Yosemite National Park Virtual Tour 5/4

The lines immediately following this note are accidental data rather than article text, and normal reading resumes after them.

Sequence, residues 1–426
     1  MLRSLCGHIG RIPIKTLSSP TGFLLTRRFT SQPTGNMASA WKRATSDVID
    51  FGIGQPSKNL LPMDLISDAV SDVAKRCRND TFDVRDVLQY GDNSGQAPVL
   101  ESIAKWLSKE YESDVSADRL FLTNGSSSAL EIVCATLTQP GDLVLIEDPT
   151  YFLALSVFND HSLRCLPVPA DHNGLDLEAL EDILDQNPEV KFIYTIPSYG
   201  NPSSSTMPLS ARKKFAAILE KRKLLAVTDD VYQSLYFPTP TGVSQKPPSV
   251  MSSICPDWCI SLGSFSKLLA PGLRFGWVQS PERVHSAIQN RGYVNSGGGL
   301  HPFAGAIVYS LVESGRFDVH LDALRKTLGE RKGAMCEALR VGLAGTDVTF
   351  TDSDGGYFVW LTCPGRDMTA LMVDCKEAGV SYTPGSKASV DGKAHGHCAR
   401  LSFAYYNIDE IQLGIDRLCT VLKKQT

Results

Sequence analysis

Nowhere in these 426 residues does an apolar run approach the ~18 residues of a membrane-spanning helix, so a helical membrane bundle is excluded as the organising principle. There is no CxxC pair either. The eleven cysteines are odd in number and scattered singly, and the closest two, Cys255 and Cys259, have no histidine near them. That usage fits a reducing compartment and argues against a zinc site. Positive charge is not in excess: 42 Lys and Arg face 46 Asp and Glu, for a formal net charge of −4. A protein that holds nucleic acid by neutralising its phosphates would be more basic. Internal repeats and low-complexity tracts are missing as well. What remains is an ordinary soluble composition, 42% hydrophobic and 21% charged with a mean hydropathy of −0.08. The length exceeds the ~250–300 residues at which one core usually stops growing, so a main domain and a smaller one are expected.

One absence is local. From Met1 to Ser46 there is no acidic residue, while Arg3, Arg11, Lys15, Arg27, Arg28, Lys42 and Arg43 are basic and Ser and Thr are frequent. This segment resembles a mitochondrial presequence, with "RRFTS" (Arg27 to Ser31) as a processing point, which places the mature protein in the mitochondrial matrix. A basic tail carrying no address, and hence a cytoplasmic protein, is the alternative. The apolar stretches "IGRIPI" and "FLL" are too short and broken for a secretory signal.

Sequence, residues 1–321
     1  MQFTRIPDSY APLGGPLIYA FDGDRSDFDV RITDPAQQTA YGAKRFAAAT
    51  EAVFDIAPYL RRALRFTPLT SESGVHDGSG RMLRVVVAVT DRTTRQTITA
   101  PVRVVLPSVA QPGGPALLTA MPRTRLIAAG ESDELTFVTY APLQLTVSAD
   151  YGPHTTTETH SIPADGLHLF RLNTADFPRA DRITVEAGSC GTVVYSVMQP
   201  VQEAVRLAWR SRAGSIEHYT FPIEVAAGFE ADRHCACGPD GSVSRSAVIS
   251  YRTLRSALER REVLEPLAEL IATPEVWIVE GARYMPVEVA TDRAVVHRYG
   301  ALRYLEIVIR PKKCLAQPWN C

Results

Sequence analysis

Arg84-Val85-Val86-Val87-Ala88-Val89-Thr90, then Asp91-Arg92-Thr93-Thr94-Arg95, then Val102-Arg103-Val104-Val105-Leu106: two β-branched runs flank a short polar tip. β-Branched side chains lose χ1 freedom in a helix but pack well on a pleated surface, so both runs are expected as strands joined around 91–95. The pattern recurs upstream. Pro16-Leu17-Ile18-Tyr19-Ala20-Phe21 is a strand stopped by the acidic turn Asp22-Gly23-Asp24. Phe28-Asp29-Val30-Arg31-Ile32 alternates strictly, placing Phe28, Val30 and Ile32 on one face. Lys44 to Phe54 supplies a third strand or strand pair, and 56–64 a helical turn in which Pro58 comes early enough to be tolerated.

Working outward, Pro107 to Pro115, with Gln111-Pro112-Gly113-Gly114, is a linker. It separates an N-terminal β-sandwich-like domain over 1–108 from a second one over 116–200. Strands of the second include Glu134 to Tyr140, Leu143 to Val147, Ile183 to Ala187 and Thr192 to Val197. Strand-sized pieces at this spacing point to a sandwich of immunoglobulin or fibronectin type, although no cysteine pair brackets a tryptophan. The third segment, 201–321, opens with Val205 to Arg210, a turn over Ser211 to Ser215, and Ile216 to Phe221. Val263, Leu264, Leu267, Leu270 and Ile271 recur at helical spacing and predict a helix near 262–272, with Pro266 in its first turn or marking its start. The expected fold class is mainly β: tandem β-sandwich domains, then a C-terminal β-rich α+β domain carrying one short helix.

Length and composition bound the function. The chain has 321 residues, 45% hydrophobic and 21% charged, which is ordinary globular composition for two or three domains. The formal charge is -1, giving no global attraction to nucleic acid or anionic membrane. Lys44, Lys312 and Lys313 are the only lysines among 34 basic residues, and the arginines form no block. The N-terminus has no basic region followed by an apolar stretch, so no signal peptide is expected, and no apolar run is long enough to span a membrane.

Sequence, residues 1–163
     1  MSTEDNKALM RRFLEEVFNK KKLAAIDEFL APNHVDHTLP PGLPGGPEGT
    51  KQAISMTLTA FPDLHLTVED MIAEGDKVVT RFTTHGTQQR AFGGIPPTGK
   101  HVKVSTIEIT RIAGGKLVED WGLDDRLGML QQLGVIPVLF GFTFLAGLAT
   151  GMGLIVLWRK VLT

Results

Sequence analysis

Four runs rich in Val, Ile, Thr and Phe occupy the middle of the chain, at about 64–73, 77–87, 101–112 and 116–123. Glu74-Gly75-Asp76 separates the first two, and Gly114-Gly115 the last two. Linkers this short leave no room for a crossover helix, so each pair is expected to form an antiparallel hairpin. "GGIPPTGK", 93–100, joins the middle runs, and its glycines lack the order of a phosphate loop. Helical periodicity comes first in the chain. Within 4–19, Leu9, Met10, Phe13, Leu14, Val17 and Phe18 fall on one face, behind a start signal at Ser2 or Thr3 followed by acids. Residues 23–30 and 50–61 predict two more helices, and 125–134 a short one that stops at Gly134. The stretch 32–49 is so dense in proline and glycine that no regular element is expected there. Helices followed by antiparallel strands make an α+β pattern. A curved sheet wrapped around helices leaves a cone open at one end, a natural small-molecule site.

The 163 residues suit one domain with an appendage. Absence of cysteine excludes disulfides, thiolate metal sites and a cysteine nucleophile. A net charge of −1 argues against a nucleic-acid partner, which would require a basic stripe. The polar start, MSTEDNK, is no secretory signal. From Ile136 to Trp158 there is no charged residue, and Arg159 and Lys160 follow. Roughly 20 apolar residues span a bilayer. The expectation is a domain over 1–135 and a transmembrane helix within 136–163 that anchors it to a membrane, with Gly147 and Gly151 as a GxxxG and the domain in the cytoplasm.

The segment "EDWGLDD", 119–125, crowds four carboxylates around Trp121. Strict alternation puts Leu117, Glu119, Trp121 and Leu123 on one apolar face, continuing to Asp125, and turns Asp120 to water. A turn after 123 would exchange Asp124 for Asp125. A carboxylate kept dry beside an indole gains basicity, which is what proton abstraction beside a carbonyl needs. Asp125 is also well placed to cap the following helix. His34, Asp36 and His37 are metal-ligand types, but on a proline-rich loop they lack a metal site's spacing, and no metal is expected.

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Watch at: 00:00 / 00:00:20hello everybody my name is Chris Whitesides and I work for CaliforniaState University Northridge Associated Students outdoor adventure program I'msuper excited to welcome you to our first recorded tour of Yosemite NationalPark I know being a recording it doesn't apply out imply a lot of interactivitybut we're gonna try and change that by directing you to our Google Earth kindWatch at: 00:20 / 00:40of curated tour custom tour of spots that we think you're the coolest in thepark itself so option one you definitely don't have to go find this link on yourown I'll share my screen and we can just follow along that way or if you want todo the click in and look in the easiest way is to probably Google CSUN outdoorWatch at: 00:40 / 01:00adventures and follow links to outdoor online from there you'll find an archiveof the video section and you can click the Yosemite hyperlink will try and spamthat more places on our website but that's easiest way for now otherwise youcan painstakingly type in the URL which is in the chat right there or what'shonestly probably easiest was just email us at outdoor adventures at CSUN edu andWatch at: 01:00 / 01:20I'd be happy to get you that link go ahead and pause me if you want to gopoke around and try and find that hidden link or wait I'll be quick on the emailsif you do want to email us for that link as well otherwise feel free to open upthe Yosemite National Park page which has a lot of really good informationWatch at: 01:20 / 01:40because disclaimer I'm not a park ranger I'm not a biological scientist I'm not ageologist I don't think I've ever even taken a science class in my life I'm aglorified backpacking guide I just really love the park and green space ingeneral so please treat this quick 20-minute tour as just that we're gonnaWatch at: 01:40 / 02:00go wander around and look at some fun places and I'll rattle off some storiesabout the human history of the park that I think you're fun and interesting butagain please do triple triple check in fact check me using that nps.gov pagewith that being said if you still need to pause me to go find the Google Earthand bring it up I think that's a fun way to interact otherwise we're gonna jumpWatch at: 02:00 / 02:20straight into it as I share my screen and we can see a beautiful overhead shotof the US where the National Park System and really protected spaces in generalbeen referred to as America's best idea there's more and more research paperscoming out that postulate that this was the best idea because it checks someWatch at: 02:20 / 02:40psychological boxes with the concept of monumentalism and that are relativelyyoung nation did not have the cathedrals the aqueducts thousands and thousands ofyear old sculptures buildings monuments but instead we had these pristineuntouched places that many other parts of the world didn't have it wasWatch at: 02:40 / 03:00relatively quick that the national parks protected lands wild spaceand it became ingrained in American values we're gonna go ahead and startzooming in from that big broad overview to where the heck we're going which is akind of central a little bit East California into the Sierra Nevada whichWatch at: 03:00 / 03:20you can see on this inlaid picture the Sierra Nevada is a massive mountainrange that kind of runs down the central eastern spine of the state and his homeinto some of those most pristine wilderness and protected areas we werejust referring to places like Sequoia National Park Kings Canyon National ParkWatch at: 03:20 / 03:40Yosemite and even the more developed places like Lake Tahoe still reallybeautiful spots with incredible recreational opportunities up and downthat mountain range we're gonna keep on zooming in to the central Sierra intoWatch at: 03:40 / 04:00Yosemite National Park in that inlaid picture you can see that YosemiteNational Park is not just what we've captured with Google Earth but isactually 750,000 acres of National Park supermassive definitely not the biggestnational park but an impressive size nonetheless today we're gonna spend theWatch at: 04:00 / 04:20vast majority of our time exploring Yosemite Valley which is just thislittle tiny if you can see my cursor it's this little tiny strip of a 7.5mile spot of really the the highlights of the park but that's not to say thatthere is a beauty throughout those 750,000 acresWatch at: 04:20 / 04:40so without further ado we're gonna enter into our first interactive 360 degreeview as we make it all the way to tunnel view and have an incredible outlook atYosemite National Park it gets me every time such a cool shot before we keepWatch at: 04:40 / 05:00jumping around and keep talking about the park let me do a quick little introto using this Google Earth function software what we can do first is you canclick anywhere on this picture and you can drag to look around if youwant to do some people watching or if you want to Center on El Capitan we canWatch at: 05:00 / 05:20go ahead and look wherever the heck you want to see some cool leggings all rightoh and if you see something that you think is interesting like bridal veilfalls right here you can use this plus or minus feature to zoom in your camerapretty self-explanatory by zooming in all of a sudden we've seen Half Domepeeking out from the very far end of the valley if you use that minus feature tooWatch at: 05:20 / 05:40long or you click on this little stick figure you're gonna pop out of that360-degree view all we need to do to get back in is grab that stick figure andyou can place him anywhere that is blue a blue track is gonna mean that you canwalk your little stick figure back and forth just while you're in this view soWatch at: 05:40 / 06:00right now we've got a different view of the park but because we were on thistrack oh we don't have it this way sometimes you'll see white arrows thatyou can move yourself backwards forwards without going into that overhead viewthe last and most important piece of this function is this next slide featureWatch at: 06:00 / 06:20which we're gonna use as we hop around the park and without further ado let'sgo ahead and ascend about 5,000 feet from tunnel view to Eagles Peak Eaglespeak is gonna give us a little bit different view of the park as we lookfrom the top of those big sheared granite cliff walls that tunnel view weWatch at: 06:20 / 06:40were about four thousand feet above sea level pretty high but right now we'resitting at about 9,000 feet which is the kind of the peak or the pinnacle of thatvalley wall from here we can take a peek at the valley in a different perspectiveand also start to think about the timeline of how this was featured howWatch at: 06:40 / 07:00this feature was geologically created because even for the Sierra Nevada thisis not your typical view this does not exist everywhere in the u.s. let alonein California let alone the Sierra Nevada so how the heck did it come to bea lot of times we like to think of glaciers creating this but the storyWatch at: 07:00 / 07:20actually begins much much much longer much longer before glaciers even came tobe in the Sierra Nevada how this really happened was these granite rocks thesebig sheer cliffs like Half Dome formed miles and miles under the earth and viaup lifting or tectonic plate movement that granite rock was slowly started toWatch at: 07:20 / 07:40move towards the surface towards the top as that granite rock moved more and morethe hard granite stayed while the softer sediment and other parts of rock wasslowly worn away via erosion with just that granite left we start to get thoseWatch at: 07:40 / 08:00valleys forming and with the help of some hydrological features like Nevadafalls over there in the background so while that uplifting is really creatingthat separation between the granite and the valley floor then we finally have aperiod of glaciation where massive glaciers really were everywhere in theWatch at: 08:00 / 08:20Sierra Nevada and filling up the parts of the valleyfor whatever reason whenever I hear glaciers I think iceberg no that's nottrue but I always need to remind myself that a glacier is just really this supermassive snow and ice pack that's incredibly dense does not melt in oneWatch at: 08:20 / 08:40season but melts over hundreds and hundreds thousands of years and as itmelts that slowly like a bulldozer pushes downhill to lower elevations andmove sediment pushes sediment rock and silt away from it carving out kind of aWatch at: 08:40 / 09:00canyon that we know today so that was a ridiculously fast movementthrough 200 million years 200 million years plusof geologic activity that has given us this really cool scar this really coolfeature let's go ahead and jump on to the next slideas we've fall back into the valley floor and we have this incredible view of theWatch at: 09:00 / 09:20Merced River and of Yosemite Falls which is the largest waterfall all of NorthAmerica I don't think contiguous us I don'tthink North America but definitely in the u.s. highest waterfall and you canWatch at: 09:20 / 09:40see how this pretty pristine spot would be a really cool place to call homewhich brings us to human history and we have records of eight thousand years ofhuman history far beyond the National Park Service the the peoples that firstinhabited the valley or most likely first inhabited the valley we're calledWatch at: 09:40 / 10:00the me walk people which translates to just that the people there were tribesthat ranged through a lot of California especially in the kind of southernSierra more specifically in the valley floor itself was of people called theAhwahneechee and they had a really cool didn't call the valley YosemiteWatch at: 10:00 / 10:20they called it awanee which translated to gaping mouths which we can kind ofsee as we rotate this around now you could see those granite walls thosegranite cliffs acting like a mouth as they lived on the valley floor the l1Ichi people traded with surrounding tribes whether that was pumping outWatch at: 10:20 / 10:40through the Eastern Sierra by Mono Lake or down into what now is the San JoaquinValley the all one each people are still aroundand call this region home which is really cool let's go ahead and move upfrom those indigenous peoples to a location just outside the park that IWatch at: 10:40 / 11:00think is really special and really cool of Mariposa Grove home to the giantsequoia tree which is one of the largest organisms in the entire world there'ssome debate whether like tree systems that share roots or coral reefs are oneWatch at: 11:00 / 11:20singular living organ which they are but the Sequoia is thelargest organism we as we kind of know as it organize compared to a blue whaleor the Sequoia tree is super cool because for as big as massive andimpressive as it is it's got super duper it almost feels like a brittle bark thatWatch at: 11:20 / 11:40you can almost like rub and it'll come off and that's bark especially isspecially adapted to be super flame-retardant for as big as this boysare they create one of the smallest pine cones and the smallest seeds the seedsare like smaller than a pinky nail just crazy thing grows into that but duringWatch at: 11:40 / 12:00forest fires the trees have adapted not only to be able to survive those forestfire but know that Super fertile ashen soil is coming after those fires andthat really engages what makes those seeds kind of fire off and if we swingaround we can see for as big as the Sequoias are they have a relativelyWatch at: 12:00 / 12:20shallow root system but regardless of these strange or different helpful orhurtful adaptations these trees can live I believe I've read the oldest treesomewhere is 3,500 years old just nuts predates the Roman Empire a singleliving organism which is just incredibly crazy to me so we know Mariposa GroveWatch at: 12:20 / 12:40ism is important and special there are only so many sequoia groves we know thevalley is beautiful and has an abundance of natural life Natural Resources haswater the valley began to fill up with idea in the movement of manifest destinyWatch at: 12:40 / 13:00of western expansion in of pioneer settlers homesteaders people startedflooding the valley for a variety of reasons besides that natural beautyseemed like a really good place to start a balumbo mill it seemed like anWatch at: 13:00 / 13:20incredible place to start your trapping Enterprise seemed like a really goodplace to drop a homestead maybe right between those cliffs maybe on top of thewaterfall up style but regardless the valley in the largerpark started filling up as more and more settlers came to California there wasWatch at: 13:20 / 13:40also a lot of prospecting too I mentioned that one regardless the valleyis starting to fill up and at some point it requires some level of peacekeepingfrom the federal government one of the first battalions that came out was theMariposa battalion an even more famous battalion that came and startedWatch at: 13:40 / 14:00patrolling the park as we know it and became the archetype of the prototypefor Park Rangers were Buffalo Soldiers a regiment of all african-american men whoreally became the first federally designated protectors of the park theyWatch at: 14:00 / 14:20were dubbed buffalo soldiers by the indigenous peoples they call this placehome because of their hair thick curly hair reminded indigenous people of thehair of a buffalo they got the name and the name stuck but they were incrediblyimportant in paving the way for the National Park System Park Rangers and aWatch at: 14:20 / 14:40resource protection at a federal level let's keep on jumping around as we go toslide 9 which takes us back up to the valley wall on top of Glacier Pointwhere we have a picture of Teddy Roosevelt and John Muir which I'll getto but before Teddy Roosevelt came to thepark before the park was a National Park it's filling up we've got a coupleWatch at: 14:40 / 15:00different battalions in here protecting stuff and in 1864 it's kind of reached aboiling point where something needs to be done to ensure the protection of thisspace from development at that point it was President Abraham Lincoln long agoWatch at: 15:00 / 15:20who signed a woops but passed an act that protected or designated Yosemitenot as a national park but is the first federally protected lands the historyBuster in 1864 there's a Lincoln had a bigger fish to fry in the form of theWatch at: 15:20 / 15:40u.s. Civil War so I like to think someone kept bugging him like heythere's this really cool spot we should do something about it and he said I'mgonna protect it we'll get to it later we'll form this whole big better systemthat whole big better system eventually came in the form of the National ParkSystem in which yeah Yellowstone to many wise Yellowstone was the first formalWatch at: 15:40 / 16:00National Park in the NPS system thanks to folks like President Teddy Rooseveltand John Muir champion advocate naturalist poet and so many other thingsbut thanks to advocates like these folks Yosemite became the third protectedNational Park and John Muir is really the champion of the park his name is onWatch at: 16:00 / 16:19every trail he's in every visitor center because of what an advocate he was forprotecting this space a lot of green spaces natural spaces throughout the USbut in particular Yosemite John Muir was a Scottish bornimmigrant lived in Wisconsin for a while studied medicine study biologyWatch at: 16:19 / 16:40eventually just came out to the Sierra with a knapsack bred would hike thesetrails for ever and ever and really fell in love with this park and dedicated hislife to protecting this space one of his kind of most famous feet he's got awhole bunch of famous feets though was inviting Teddy Roosevelt out toWatch at: 16:40 / 17:00experience this location the bull moose Teddy Roosevelt's nickname was a bit ofan outdoorsman himself so he and mr. Muir decided to go on a backpacking tripto it this is thought to be one of the only time was that when the sittingpresident of the United States went missing no one knew where Teddy was butWatch at: 17:00 / 17:20he and John were out backpacking in Yosemite National Park I really likedthat so I just - two guys going out despite being one of the most importantpeople in the world with the formation of the National Park there's some levelof development that comes to make at Park feasible the idea that visitorsWatch at: 17:20 / 17:40need to come out with some level of comfort to experience this park to seethe net to see the nature to see value and to continue to be advocates for thepark one of those ways came with the awanee hotel which is a big beautiful Ithink it's beautiful I think it's cool because it wasWatch at: 17:40 / 18:00designed to fit in with granite rock walls andreally not be obtrusive but really blend in and accentuate the naturalenvironment the awanee Hotel was a redesigned barracks repurposed by thefirst National Park director Stephen Mather so it went from barracks to LodgeWatch at: 18:00 / 18:20then it went back to army control actually Navy control when it was turnedinto a military hospital during World War two this was really cool because itwas part of kind of like the cutting-edge treatment of post-traumaticstress disorder among soldiers where they'd come to convalesce I think thisWatch at: 18:20 / 18:40board where they'd come to get better after serving in the militaryeventually the hotel was returned to just that a hotel from its short briefperiod as a military hospital so I think this is one of the cool ways thatdevelopment happens even in a national park to share with other people IWatch at: 18:40 / 19:00skipped a slide but we're gonna go back to 10 out of 15 where we see what mightbe a different take on development in national parks so right now we arelooking at Oh slawsa knee dam and the Hetch Hetchy Reservoir one of the moreWatch at: 19:00 / 19:20controversial projects in Yosemite National Park and fought tooth and nailagainst by that John Muir that we're talking about you can kind of see if yousquint tilt your head to the side if there was no reservoir here no waterWatch at: 19:20 / 19:40this valley might look similar to that of Yosemite Valley that we've beenseeing we've got same massive granite faceswe've got the same waterfalls streaming in but during the time that the damproject was proposed and completed there was a massive need for hydroelectricWatch at: 19:40 / 20:00power in the Bay Area as well as drinking or usable water for agricultureand the growing metropolitan area of San Francisco regardless of your politicalHetch Hetchy Reservoir was passed and completed providing hydroelectric powerin drinking water and allowing the bay area to grow into the metropolitan areaWatch at: 20:00 / 20:20that it is today with that being said there are somepermanent impacts of dams and there are some folks that would argue against themlike John Muir today there are over 70,000 dams in the US which is anincredible number and always blows my mind definitely not the same size as theWatch at: 20:20 / 20:40Hetch Hetchy project but still quite a few so if the awanee was our version ofkind of middling development how people in the park and Hetch Hetchy might be onthe further end of the spectrum of higher development the park as we knowWatch at: 20:40 / 21:00it now is really settled into home and is protected space as it's designedbuilt mission is to get visitors out to see this protected area I like to userock climbing as a relatively cheesy metaphor for all that development andfor visitors coming out to the park because the history of rock climbingWatch at: 21:00 / 21:20comes from folks predating John Muir blast and carving scraping holes andholds four feet in hands to climb all the way to the top of places like ElCapitan right now what is kind of the climbers mecca the biggest of big wallgranite face climbing in the world probably so if those first climbers cameWatch at: 21:20 / 21:40and they've tried to do first descents by blasting scraping carving changingthe face of these walls that slowly became less and less invasive lessobtrusive we went from blasting those holes tojust forcing in Pitons these massive giant nails that got hammered slammedWatch at: 21:40 / 22:00into the rock face where we could tie ropes to and continue those a sensethose big old Pitons turned into smaller bolts or eye bolts which you could tie arope into and still climb up those eyebolts eventually went away and turnedinto nuts or camming devices weird little instruments that fit inside theWatch at: 22:00 / 22:20crack of a wall that wouldn't come out in case you fellon your rope but when you were done you could remove them so it looked like noone there was no trace left as you climbed up the wall and an even moreextreme development athletes like Alex Honnold they're just crazy but athletesWatch at: 22:20 / 22:40like Alex Honnold are really pioneering free climbing no carved hand holds noPitons no eyebolts no nothing just you and the face of the rock definitely donot try this at home but definitely watch some documentaries like free soloWatch at: 22:40 / 23:00and the dawn wall if you want to learn more about this extremely dangerousextreme sport but again El Capitan it's kind of the climbers Mecca and reallythe biggest big walk other folks will camp out as they do it if we're doing itthe robed way they'll bring portal edges for like beds cots that you can set upWatch at: 23:00 / 23:20and they'll actually sleep right on the granite face as they continue on theirway up crazy crazy sport but most people asthey're coming to the park and by most I mean the four to five million peoplethat visit the park annually are not coming to free solo El Cap butWatch at: 23:20 / 23:40are coming to take part in some of the most popular trails like the mist trailright here where we're looking at vernal falls massive amount of water comingdown this picture has got to be taken in the early spring late spring earlysummer when all that snowmelt is just pumping this waterfall full the misttrail is cool because it's the start of the John Muir Trail there's our guysWatch at: 23:40 / 24:00named John Muir the John Muir Trail is one of most famous trails in Californiabut it is a massive trail that runs from Yosemite National Park the valley floorthis is like the first three miles of it all the way about 21 days 221 ish milesto Mount Whitney in the southern Sierra Mount Whitney being the highest pointWatch at: 24:00 / 24:20the highest elevations in the contiguous US named after John Muir the trail takesanywhere from 14 to 21 to 30 days of just backpacking you've got your tentyour sleeping bag at your stove everything that you would need for those20-plus days on your back you've got just your feetWatch at: 24:20 / 24:40to take you to Yosemite Valley all the way to Mount Whitney an incredible trailand really this start is super famous as we go through the mist trail and we seevernal falls let's keep on keeping on as we pop another five miles up the trailmaybe not even five miles and we see another just absolutely gorgeousWatch at: 24:40 / 25:00waterfall which is Nevada Falls and this one's huge Yosemite is home to over 900different species of animals and home to even more flora like the Sequoia thegiant sequoia that lives here the shot is really cool I mean with the cloudsWatch at: 25:00 / 25:20with the treeline with the granite wall with the waterfall itself and with theroaring Merced River which eventually will flow down by Fresno the shot reallyhas it all really leaves you with that feeling of whyNational Parks work you know somebody's best excuse me America's best idea let'sWatch at: 25:20 / 25:40go on and finish up with our final slide as we go back to one of these meadowsone more view of the valley floor with some kind of fog and cloud rollingthrough yeah again this is just 7.5 miles that we've really jumped aroundWatch at: 25:40 / 26:00there are way more parts of the park that we didn't even get to we didn'tspend a lot of time looking at give so many Falls upper or lower we didn'tspend a lot of time in the Tuolumne area we didn't do Olmsted pointing at theWatch at: 26:00 / 26:20back of the valley but feel free to continue using this Google Earth featureby picking up your little guy zooming out and really seeing all the differentplaces which you can drop your drop your view and look at waterfalls so that isWatch at: 26:20 / 26:40the end of our friendly walk through the park oh yeah this is just in just in thepark this is our end of our friendly walkthrough the park again my name is Chris I'll open up that chat again as I stopWatch at: 26:40 / 27:00sharing I'll put all those links back in so again Google I'll see some outdooradventures follow the breadcrumb trail to outdoor online where you can accesseven more of these videos as well as our Google Earth projects if you like thatlittle curated custom project or if you want to make one that's better please doWatch at: 27:00 / 27:20super easy to use and then email it to us at outdooradventures@csun.edu andagain double check all my facts and information by going to nps.govto find out information about the park from more legitimate sources then yourfriendly backpacking guide but that being said thank you again for joiningWatch at: 27:20 / 27:40if you want to help support CSUN outdoor adventures as we really try to pioneerthese virtual programs during these stressful quarantine times and break upquarantine routines with more of our videos you can find donation tabs thatCSUN outdoor adventures as well and we do appreciate continuing we appreciateWatch at: 27:40 / 28:00whatever donation or support you can give we do 100% intend to keep all theseprograms free for you to use with that being said if there's custom programs wecan do for your classroom for any group for a family we're up for it I'm stuckat home I'll make 100 one of these different videos from national parks tooI'm working on one diving with whales so we've got 101 different coolWatch at: 28:00 / 28:20opportunities coming up so thank you again for joining us and we look forwardto seeing you at our next live or heck recorded event have a great day